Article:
I’m very excited to be delivering Memoir Writing Workshops with Writers Victoria in the first half the year.
I will be delivering three webinars where I share some of the lessons I learnt and things I wish I’d known before I started.
I will also be running an Online Writing Clinic where participants have the opportunity to submit Pieces of up to 1,500 words every month and receive feedback. One of the things that most helped me in the journey was writing short pieces and having them published along the way. This built my confidence, audience, and gave me much needed impetus to keep going.
Pieces are due 11:59pm Wednesdays 29 January, 26 February, 25 March, 22 April, 20 May. Feedback will be returned Thursdays 6 February, 5 March, 2 April, 30 April, 28 May
Participants have the option of enrolling in both the webinars or clinic, or completing each individually.
I’m so excited to be working with fledgling writers and help mentor them to tell their stories.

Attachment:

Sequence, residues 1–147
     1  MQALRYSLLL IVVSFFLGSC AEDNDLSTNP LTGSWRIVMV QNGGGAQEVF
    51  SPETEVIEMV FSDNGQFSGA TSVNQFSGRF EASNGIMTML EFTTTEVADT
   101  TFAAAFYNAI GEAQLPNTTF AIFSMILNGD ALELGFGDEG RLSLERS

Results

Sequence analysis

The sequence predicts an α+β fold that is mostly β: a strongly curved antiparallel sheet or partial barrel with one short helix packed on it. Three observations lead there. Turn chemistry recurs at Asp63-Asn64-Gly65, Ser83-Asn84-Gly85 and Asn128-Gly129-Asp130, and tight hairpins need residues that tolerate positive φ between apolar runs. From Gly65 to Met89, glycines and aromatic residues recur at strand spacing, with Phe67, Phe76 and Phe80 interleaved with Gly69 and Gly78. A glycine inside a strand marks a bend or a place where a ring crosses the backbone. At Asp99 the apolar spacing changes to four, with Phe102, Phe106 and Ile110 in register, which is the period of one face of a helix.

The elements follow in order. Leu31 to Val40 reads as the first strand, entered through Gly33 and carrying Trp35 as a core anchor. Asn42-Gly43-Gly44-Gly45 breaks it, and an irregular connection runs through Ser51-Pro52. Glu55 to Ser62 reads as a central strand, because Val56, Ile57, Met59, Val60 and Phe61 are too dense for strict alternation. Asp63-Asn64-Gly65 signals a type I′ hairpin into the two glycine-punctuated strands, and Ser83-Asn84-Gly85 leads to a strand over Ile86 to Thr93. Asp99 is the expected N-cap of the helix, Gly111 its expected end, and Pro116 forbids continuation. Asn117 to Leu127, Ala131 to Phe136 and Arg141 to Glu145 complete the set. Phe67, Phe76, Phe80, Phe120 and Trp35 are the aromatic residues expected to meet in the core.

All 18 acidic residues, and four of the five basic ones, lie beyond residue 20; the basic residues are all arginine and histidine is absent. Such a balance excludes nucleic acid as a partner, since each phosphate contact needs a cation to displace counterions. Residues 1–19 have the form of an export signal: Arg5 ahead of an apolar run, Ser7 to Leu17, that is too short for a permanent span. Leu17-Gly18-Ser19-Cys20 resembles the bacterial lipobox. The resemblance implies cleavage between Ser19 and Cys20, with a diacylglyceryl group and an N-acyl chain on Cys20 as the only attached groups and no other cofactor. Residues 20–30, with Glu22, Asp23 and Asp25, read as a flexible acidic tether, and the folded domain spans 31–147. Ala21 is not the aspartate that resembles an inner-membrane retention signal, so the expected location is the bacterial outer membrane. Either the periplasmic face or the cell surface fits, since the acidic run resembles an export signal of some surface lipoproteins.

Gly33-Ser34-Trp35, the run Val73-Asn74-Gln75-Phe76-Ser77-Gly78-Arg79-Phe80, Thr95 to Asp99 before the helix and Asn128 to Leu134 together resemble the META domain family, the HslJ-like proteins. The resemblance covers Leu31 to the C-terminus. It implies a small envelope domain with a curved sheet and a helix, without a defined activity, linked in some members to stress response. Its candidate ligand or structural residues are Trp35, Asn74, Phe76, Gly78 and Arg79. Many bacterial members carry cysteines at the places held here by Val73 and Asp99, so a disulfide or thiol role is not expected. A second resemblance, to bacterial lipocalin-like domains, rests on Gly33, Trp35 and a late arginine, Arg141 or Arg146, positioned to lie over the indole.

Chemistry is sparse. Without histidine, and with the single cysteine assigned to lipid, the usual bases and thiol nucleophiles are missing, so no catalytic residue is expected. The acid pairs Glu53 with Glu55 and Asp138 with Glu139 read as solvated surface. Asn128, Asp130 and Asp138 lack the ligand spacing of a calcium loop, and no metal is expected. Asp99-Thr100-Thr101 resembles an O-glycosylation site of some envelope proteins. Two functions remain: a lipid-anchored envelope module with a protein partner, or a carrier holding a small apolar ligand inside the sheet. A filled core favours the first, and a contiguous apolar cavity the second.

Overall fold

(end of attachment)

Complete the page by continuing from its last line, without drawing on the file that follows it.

One of the things that happens when someone you love dies is you engage in magical thinking. You look for signs to make sense of your loss and search for messages from those that passed away.
My mother's body was found on Saturday 23 November. On the same day I received the message below. I'm trying to hold on to the happiness that she felt when I read her reviews and messages from readers and how much it meant to her.
When I was interviewing her for the book she wanted it written for people to understand the toll of mental illness, and messages like this bring me comfort. I also want to believe that she in some way influenced this message arriving on this day. That she wanted to remind me about how much the book meant to her and how much happiness it brought her. Now that she is gone all I have is memories of her. These are the memories that give me solace.
Amra Pajalić is an award-winning author, an editor and teacher who draws on her Bosnian cultural heritage to write own voices stories for young people, who like her, are searching to mediate their identity and take pride in their diverse culture. She writes memoir, young adult and romance under the pen name Mae Archer.
Sign up and receive free books.